Newswise — The Life Sciences Research Organization, Inc. (LSRO) has published a review article in the December 2010 issue of Nutrition Reviews entitled Do Specific Constituents and Supplements Affect Mental Energy? Review of the Evidence.
The marketplace abounds with claims that various foods, beverages, and dietary supplements increase mental energy. LSRO has undertaken a review of the scientific evidence for more than 35 food ingredients, dietary supplements, dietary constituents, and dietary factors and any measure of mental energy that could support these claims. Mental energy was defined as consisting of mood (transient feelings about the presence of fatigue or energy), motivation (determination and enthusiasm), and cognition (sustained attention and vigilance).
The review article focuses on four dietary constituents/supplements: Ginkgo biloba, ginseng, glucose, and omega-3 polyunsaturated fatty acids (PUFA) to illustrate the current state of the peer-reviewed scientific literature on dietary constituents and mental energy. The strongest evidence, other than that for caffeine, suggests effects of Ginkgo biloba on certain aspects of mood and attention in healthy subjects, as well as associations between omega-3 PUFA and reduced risk of age-related cognitive decline.
Among the key findings of the review are:
‧ Until recently, mental energy has been only loosely defined and methods to assess it were not clearly described.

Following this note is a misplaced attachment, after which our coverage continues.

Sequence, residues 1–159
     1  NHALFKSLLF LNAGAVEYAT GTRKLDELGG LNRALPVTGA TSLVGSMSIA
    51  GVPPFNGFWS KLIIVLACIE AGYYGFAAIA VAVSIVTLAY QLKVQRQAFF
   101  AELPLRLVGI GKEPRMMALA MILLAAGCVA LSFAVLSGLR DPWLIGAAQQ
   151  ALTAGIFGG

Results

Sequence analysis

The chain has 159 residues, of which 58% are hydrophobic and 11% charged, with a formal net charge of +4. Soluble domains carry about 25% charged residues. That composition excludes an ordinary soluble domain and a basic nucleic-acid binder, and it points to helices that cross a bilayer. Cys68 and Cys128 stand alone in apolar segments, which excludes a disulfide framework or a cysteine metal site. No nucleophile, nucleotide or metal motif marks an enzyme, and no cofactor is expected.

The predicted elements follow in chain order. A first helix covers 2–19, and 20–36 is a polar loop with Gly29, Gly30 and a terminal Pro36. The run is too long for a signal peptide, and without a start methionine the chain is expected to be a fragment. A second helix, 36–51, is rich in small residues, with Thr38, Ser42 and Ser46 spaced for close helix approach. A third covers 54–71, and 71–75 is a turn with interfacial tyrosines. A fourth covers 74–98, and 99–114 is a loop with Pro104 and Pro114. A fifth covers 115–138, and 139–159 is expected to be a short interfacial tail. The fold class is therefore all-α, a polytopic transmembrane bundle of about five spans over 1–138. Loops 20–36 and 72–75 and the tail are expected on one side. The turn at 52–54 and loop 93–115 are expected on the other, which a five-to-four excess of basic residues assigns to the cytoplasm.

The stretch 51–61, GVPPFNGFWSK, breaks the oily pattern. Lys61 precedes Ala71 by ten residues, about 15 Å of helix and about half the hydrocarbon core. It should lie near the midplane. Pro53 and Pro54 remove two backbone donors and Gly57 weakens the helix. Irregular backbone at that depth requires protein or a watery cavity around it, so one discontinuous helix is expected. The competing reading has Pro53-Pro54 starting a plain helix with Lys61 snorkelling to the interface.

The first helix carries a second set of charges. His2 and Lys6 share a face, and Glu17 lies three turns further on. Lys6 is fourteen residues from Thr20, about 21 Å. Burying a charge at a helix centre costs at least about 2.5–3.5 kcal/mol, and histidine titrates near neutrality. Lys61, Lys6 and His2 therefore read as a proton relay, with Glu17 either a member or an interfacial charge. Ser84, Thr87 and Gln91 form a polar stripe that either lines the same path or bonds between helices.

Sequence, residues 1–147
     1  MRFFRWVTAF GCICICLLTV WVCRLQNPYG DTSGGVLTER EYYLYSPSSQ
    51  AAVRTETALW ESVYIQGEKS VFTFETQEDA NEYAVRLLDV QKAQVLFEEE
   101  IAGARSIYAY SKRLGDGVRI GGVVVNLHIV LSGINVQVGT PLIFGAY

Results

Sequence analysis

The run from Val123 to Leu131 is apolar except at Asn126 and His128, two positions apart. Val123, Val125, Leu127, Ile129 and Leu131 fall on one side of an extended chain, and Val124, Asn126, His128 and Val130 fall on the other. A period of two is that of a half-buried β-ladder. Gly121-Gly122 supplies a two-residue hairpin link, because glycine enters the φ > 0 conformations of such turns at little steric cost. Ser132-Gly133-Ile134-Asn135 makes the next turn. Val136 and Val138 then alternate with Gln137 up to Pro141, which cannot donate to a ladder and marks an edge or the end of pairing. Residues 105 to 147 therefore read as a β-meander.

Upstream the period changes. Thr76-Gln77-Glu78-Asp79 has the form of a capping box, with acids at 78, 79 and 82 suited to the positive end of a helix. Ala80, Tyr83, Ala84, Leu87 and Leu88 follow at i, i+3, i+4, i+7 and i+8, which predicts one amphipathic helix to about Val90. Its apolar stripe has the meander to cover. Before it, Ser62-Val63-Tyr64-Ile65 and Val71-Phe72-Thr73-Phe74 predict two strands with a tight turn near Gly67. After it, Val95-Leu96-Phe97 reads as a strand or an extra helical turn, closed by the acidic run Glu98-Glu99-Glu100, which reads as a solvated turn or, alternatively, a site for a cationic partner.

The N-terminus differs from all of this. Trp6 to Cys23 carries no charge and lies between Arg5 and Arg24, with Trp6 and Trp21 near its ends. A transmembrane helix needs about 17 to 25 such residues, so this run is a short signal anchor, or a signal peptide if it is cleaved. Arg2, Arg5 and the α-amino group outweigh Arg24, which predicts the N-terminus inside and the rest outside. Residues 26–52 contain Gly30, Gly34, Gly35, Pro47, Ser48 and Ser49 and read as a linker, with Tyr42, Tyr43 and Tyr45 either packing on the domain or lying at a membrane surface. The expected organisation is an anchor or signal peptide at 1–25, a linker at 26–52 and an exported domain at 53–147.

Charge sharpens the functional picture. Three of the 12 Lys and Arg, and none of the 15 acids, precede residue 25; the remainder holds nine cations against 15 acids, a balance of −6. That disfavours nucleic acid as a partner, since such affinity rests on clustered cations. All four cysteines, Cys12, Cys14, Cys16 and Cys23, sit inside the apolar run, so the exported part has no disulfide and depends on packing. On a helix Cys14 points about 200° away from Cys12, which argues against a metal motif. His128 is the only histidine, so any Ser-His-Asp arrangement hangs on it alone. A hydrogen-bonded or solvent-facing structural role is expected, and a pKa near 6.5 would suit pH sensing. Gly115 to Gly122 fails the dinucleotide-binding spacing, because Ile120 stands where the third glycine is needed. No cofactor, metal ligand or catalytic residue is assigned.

‧ For most ingredients and dietary factors fewer than 5 scientific studies address mental energy.
‧ Other than caffeine, the strongest evidence suggests Gingko biloba affects mood and attention and omega-3 PUFA may reduce the risk of cognitive decline.
For nearly half a century, the Life Sciences Research Organization (LSRO) has provided expert, objective scientific opinions and evaluations to governmental agencies and leading corporations in the food, health and bioscience sectors. A non-profit organization originally established in 1962, LSRO provides independent science-based analysis and advice that has proven integral to the development of sound policies and regulations on the national and international level.
This study will be of interest to academic, government, and industry researchers, public health organizations and their staff. The report will also be of interest to the general public.
HE Gorby, AM Brownawell & MC Falk. Do specific dietary constituents and supplements affect mental energy? Review of the evidence.
Nutrition Reviews 2010; 68(12):697-718.